Settlement Is Reached In Four Seasons Fire Lawsuit

Details Of Deal With Complex, Defendants Not Disclosed

October 13, 1991|By Darren M. Allen | Darren M. Allen,Staff writer

WESTMINSTER — Four Seasons Sports Complex and its insurance company reached an out-of-court settlement last week with three of the companies they sued for $1.5 million.

The settlement -- reached late Thursday night --meant an abrupt end to the almost three-week trial before Circuit Judge Luke K. Burns Jr.

Details of the settlement were not disclosed. But lawyers for theHampstead health club and its insurer, Fireman's Fund Insurance Co.;Prestige Cable TV of Maryland Inc. and its cable-installation contractor, North Central Services; and Fire Protection Industries had beennegotiating since Tuesday afternoon.

"A settlement was reached that was acceptable to all parties," said William F. Gately, the Baltimore attorney who represented Frederick-based Fire Protection Industries. "We're all going our separate ways now."

Four Seasons and Fireman's Fund filed the lawsuit in January 1990, claiming that the July 1989 fire that destroyed the health club was made worse by the malfunctioning sprinkler system installed by Fire Protection Industries. Anelectrical cable to the sprinkler's water pump was severed, the suitsays, during work by Prestige and by A&M Underground Sprinklers of Westminster.

A&M was dropped as a defendant Thursday afternoon after Four Seasons' Philadelphia attorney, John F. Brown Jr., completed his case.

During the trial, testimony focused on how a faulty inspection of the fire sprinkler system by FPI about eight months before the fire failed to point out the severed electrical cable. Had they known of the severed wire, Brown said, Four Seasons' owners would have repaired the cable.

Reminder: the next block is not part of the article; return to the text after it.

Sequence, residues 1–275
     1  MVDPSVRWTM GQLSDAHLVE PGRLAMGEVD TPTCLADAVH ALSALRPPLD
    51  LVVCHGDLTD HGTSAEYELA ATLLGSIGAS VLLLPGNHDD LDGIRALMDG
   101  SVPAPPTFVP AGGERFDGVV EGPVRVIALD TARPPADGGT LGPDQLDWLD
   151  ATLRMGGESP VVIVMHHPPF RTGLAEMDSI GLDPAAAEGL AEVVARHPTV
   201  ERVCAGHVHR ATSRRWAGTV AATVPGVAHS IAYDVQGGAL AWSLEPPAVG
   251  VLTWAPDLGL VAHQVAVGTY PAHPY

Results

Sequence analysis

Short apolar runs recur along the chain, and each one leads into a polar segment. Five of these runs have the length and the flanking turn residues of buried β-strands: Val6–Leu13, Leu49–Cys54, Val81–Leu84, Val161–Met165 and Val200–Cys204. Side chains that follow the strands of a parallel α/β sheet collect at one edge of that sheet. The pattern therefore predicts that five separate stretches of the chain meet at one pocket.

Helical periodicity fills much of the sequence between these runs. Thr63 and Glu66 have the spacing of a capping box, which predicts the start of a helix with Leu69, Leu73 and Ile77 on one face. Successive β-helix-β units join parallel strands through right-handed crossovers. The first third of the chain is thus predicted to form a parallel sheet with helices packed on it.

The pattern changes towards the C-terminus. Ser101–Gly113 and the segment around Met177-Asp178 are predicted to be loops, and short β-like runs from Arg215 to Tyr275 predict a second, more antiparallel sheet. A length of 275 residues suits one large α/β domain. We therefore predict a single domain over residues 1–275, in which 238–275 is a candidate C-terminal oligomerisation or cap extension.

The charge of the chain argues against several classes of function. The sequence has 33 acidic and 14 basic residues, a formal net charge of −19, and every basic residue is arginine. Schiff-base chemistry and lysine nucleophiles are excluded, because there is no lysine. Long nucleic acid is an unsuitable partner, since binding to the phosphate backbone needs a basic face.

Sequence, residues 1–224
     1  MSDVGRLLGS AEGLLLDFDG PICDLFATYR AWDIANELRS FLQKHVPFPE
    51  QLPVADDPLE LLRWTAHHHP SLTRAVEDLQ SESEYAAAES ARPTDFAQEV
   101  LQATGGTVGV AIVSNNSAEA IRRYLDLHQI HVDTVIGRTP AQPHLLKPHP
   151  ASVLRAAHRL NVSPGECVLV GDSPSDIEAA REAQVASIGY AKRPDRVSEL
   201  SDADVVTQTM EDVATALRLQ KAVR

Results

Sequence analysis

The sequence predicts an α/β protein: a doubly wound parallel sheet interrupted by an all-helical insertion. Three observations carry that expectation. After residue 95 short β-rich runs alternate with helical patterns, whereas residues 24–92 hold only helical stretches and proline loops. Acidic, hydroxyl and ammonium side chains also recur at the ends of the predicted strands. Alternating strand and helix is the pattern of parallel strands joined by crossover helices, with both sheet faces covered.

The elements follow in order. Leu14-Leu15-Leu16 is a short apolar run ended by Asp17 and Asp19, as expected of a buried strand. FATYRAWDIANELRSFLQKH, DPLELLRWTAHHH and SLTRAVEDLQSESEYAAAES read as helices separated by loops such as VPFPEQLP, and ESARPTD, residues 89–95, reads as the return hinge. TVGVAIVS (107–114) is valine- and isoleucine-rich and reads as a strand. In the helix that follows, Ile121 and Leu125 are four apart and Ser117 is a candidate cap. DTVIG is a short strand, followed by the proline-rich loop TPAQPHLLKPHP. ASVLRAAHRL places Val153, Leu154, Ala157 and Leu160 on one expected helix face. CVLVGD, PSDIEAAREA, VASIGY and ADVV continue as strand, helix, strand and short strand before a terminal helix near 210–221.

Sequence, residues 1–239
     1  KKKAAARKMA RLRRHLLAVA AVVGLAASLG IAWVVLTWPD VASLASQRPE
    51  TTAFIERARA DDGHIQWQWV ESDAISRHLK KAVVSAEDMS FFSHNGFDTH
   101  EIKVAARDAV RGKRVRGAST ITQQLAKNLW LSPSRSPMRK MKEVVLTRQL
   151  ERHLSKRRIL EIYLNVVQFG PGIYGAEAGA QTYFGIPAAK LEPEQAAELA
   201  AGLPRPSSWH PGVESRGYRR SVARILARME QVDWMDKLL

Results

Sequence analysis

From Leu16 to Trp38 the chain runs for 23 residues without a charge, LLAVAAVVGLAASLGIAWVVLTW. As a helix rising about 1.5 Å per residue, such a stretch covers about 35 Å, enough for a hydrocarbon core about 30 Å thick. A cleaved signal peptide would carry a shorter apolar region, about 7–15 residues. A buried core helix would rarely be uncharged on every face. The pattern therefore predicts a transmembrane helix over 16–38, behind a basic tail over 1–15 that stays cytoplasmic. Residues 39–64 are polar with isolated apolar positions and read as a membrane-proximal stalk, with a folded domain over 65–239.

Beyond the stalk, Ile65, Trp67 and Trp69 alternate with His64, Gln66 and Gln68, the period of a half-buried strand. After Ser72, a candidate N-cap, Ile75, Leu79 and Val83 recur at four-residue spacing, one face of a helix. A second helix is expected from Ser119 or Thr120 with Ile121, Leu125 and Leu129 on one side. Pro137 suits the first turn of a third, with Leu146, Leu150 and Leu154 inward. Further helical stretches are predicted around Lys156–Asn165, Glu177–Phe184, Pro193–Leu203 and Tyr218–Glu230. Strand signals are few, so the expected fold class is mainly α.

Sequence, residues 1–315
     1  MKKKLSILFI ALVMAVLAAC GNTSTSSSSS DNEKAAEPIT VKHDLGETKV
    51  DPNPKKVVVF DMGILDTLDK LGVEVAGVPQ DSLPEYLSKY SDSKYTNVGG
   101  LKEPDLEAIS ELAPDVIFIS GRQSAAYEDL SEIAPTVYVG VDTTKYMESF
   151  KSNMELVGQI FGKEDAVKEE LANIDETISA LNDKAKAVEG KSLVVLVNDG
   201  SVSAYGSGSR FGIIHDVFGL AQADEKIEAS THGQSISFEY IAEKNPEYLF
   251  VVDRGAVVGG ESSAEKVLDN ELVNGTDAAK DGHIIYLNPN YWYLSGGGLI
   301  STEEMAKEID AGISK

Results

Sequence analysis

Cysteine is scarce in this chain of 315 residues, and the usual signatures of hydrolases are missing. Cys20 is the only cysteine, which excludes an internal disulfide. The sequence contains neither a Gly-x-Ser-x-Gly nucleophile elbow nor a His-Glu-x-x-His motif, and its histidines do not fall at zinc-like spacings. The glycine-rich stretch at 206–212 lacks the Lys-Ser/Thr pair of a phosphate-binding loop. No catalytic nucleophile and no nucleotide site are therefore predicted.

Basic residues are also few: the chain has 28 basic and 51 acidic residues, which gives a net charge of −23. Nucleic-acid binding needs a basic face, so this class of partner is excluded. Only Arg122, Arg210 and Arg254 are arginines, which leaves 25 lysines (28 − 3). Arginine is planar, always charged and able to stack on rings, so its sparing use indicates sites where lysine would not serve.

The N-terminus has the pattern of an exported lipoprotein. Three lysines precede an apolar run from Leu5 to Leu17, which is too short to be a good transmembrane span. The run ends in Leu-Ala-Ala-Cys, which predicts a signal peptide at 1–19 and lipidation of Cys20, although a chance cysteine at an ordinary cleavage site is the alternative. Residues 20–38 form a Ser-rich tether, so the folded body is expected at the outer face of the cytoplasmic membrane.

FPI and the other defendants, however, tried to show that the fire was the result of arson and that the sprinkler system malfunctioned because it was tampered with.

The state Fire Marshal's Office declared the fire an arson; no arrests have been madein the case.

Four Seasons owner Melvyn L. Newman -- the Chevy Chase investor who purchased the property in 1985 -- and center directorand part-owner Kevin Bidelspach spent about $1.7 million to rebuild the center.

Fireman's Fund paid out benefits to Four Seasons of about $1.3 million.

"I'm glad that it is over," Bidelspach said Friday. "I'm glad that I can now plunge into the operations of the club."

While details of the settlement are confidential, Newman and Bidelspach said that some money was involved.

"It was an agreement," Newman said. "It wasn't what we wanted. I obviously would have been happier had it gone all the way through."

He said that had the trialbeen able to continue, he was confident that the questions of arson -- defense attorneys tried to show inconsistencies in Bidelspach's testimony about the fire -- and questions of fault on the part of FPI would have been put to rest.

When asked whether the amount of moneywas equal to the $1.5 million sought by Four Seasons and Fireman's fund, Bidelspach indicated that it was not.

"This whole thing has put us under pressure," Bidelspach said. "The fire marshal never produced anything to prove this was arson. I just want to get back to running this club."

Bidelspach was the second-to-last witness to be heard in the trial that began Sept. 23. He spent most of Monday and Tuesday on the stand, answering tough questions about the club's finances from the time he came on board in 1987.

Baltimore Sun Articles
Please note the green-lined linked article text has been applied commercially without any involvement from our newsroom editors, reporters or any other editorial staff.